Google Fit gets improved activity logging and a breathing exercise

Google Fit, Google’ s activity tracking app for Android, is getting a small but meaningful update today that adds a few new features that’ll likely make its regular users quite happy. Some are pretty basic, like the launch of a Fit widget for your Android home screen, while others introduce new features like a breathing exercise (though that will only be available on Wear OS), an updated home screen in the app itself, and improved activity logging.

The app got a major redesign earlier this year and in the process, Google introduced Heart Points as a way of tracking not just the length but also the strenuousness of your activities. Those are tracked automatically as you go about your day, but since Fit also lets you log activities manually, you didn’t really get a chance to log the intensity of those exercises. Now, however, you can adjust the intensity in your quest for getting more Heart Points.

The other major new feature is the exact opposite of strenuous exercise: a breathing exercise for those moments when you don’t want to calm down. For some reason, Google decided that this feature is Wear OS-only right now. I’m not quite sure why that’s the case, but if you don’t have a Wear OS watch, you’ll just have to figure out some other way to keep calm and bugger on.

Mozilla and Qualcomm are bringing a native version of Firefox to Windows 10 on ARM

Microsoft is working with Google to bring a native ARM64 version of Chrome to Windows 10 on ARM and as Mozilla announced today, it, too, is working on bringing a native version of Firefox to Windows 10 on ARM. The organization is doing so in cooperation with Qualcomm.

Typically, to make any Windows 10 application run on ARM-based machines, Microsoft uses a number of emulation techniques. Those work quite well, but they do incur both power and performance cost. Native applications obviously don’t need emulation, so they run faster and more efficiently. Given that browsers are among the most-used applications, it’s no surprise that the major browser vendors are interested in offering the best support for the platform, even if we’re still talking about a very small niche for the time being.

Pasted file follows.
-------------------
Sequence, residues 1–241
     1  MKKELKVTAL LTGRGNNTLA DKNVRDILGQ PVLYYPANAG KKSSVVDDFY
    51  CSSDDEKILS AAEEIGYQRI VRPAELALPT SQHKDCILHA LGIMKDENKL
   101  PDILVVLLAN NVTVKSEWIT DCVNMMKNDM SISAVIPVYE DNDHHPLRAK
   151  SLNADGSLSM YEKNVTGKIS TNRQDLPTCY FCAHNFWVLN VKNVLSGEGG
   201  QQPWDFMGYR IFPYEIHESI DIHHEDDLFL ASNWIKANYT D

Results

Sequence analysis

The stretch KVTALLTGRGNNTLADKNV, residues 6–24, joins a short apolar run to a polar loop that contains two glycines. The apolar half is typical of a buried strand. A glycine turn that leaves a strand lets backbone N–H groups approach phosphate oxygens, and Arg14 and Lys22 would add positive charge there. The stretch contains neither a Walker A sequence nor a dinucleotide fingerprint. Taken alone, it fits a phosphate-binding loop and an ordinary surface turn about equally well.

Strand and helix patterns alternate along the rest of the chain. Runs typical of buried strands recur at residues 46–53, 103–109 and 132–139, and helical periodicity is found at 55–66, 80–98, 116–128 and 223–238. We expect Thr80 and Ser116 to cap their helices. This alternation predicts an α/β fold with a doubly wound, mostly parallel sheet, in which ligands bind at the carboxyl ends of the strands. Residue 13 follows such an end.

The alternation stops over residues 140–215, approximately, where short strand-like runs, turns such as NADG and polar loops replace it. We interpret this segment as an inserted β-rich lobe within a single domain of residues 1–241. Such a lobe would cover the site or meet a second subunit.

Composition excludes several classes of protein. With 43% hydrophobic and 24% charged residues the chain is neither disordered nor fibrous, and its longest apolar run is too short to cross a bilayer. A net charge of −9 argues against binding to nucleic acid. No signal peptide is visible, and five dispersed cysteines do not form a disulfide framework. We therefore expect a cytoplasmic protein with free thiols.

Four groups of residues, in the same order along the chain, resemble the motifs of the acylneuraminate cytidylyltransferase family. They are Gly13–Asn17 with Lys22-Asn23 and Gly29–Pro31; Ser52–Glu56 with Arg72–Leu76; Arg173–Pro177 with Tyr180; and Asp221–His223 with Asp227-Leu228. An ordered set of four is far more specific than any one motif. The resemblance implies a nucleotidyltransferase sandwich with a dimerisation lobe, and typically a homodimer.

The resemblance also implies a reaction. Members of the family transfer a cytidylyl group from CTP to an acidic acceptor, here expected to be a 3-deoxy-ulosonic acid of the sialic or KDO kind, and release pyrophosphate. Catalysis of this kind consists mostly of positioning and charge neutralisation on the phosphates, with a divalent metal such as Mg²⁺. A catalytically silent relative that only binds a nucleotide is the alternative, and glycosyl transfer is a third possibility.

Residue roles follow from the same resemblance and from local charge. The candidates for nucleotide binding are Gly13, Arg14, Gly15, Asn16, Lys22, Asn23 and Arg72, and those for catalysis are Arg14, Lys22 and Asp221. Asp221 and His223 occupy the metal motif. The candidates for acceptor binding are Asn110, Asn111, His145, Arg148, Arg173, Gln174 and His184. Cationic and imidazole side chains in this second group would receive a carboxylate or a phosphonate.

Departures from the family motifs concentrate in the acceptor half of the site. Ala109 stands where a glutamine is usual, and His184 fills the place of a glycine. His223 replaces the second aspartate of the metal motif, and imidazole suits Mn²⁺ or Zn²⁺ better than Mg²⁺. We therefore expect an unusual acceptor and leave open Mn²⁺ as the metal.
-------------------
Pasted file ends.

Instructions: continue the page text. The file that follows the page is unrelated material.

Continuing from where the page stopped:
We asked Mozilla for a release date for this Windows 10 on ARM version, but the organization has yet to provide us with this information. We’ll update this post once we learn more.

Qualcomm also today announced its new premium 8cx platform for PCs, which extends the company’s bet on the PC market. It’s probably no surprise that Mozilla chose today to make its announcement. In addition, though, Microsoft also today announced that it will move to the Chromium engine for its Edge browser. That leaves Firefox’s Gecko engine and WebKit, which Apple’s Safari uses, as the last two competitors with any major market share in the browser space.

Qualcomm expands its PC bet with its new 7nm 8cx platform

Qualcomm wants to become a major player in the PC/laptop market. Now that there is Windows 10 on ARM, that’s more than a pipe dream, but in its earliest iterations, those Qualcomm-based Windows 10 laptops used the Snapdragon 850 system on a chip that was specifically designed for PCs but still very much a direct descendant of its smartphone platform.

Today, the company announced its Snapdragon 8cx platform, “the most extreme Snapdragon ever,” in Qualcomm’s parlance, which still leverages some of the company’s mobile expertise and building blocks, but which was built from the ground up to power PCs.

The 8cx is very much tailored toward the PC, down to how it handles peak performance and multitasking. It’s also the first 7nm PC platform, the company claims, though the first devices won’t hit the market until Q3 of 2019.

The promise of using Qualcomm Snapdragon platform for a PC (which Qualcomm and Microsoft brands as “always connected PCs”) is that you’ll get multi-day battery life and a performance that is comparable to what you’d get with an Intel chip. The first generation of devices delivered great battery life, but performance wasn’t quite up to par. With this new release, Qualcomm promises to change that. Without saying Intel, Qualcomm argues that its 7nm chips are “multiple generations ahead of the traditional PC space.”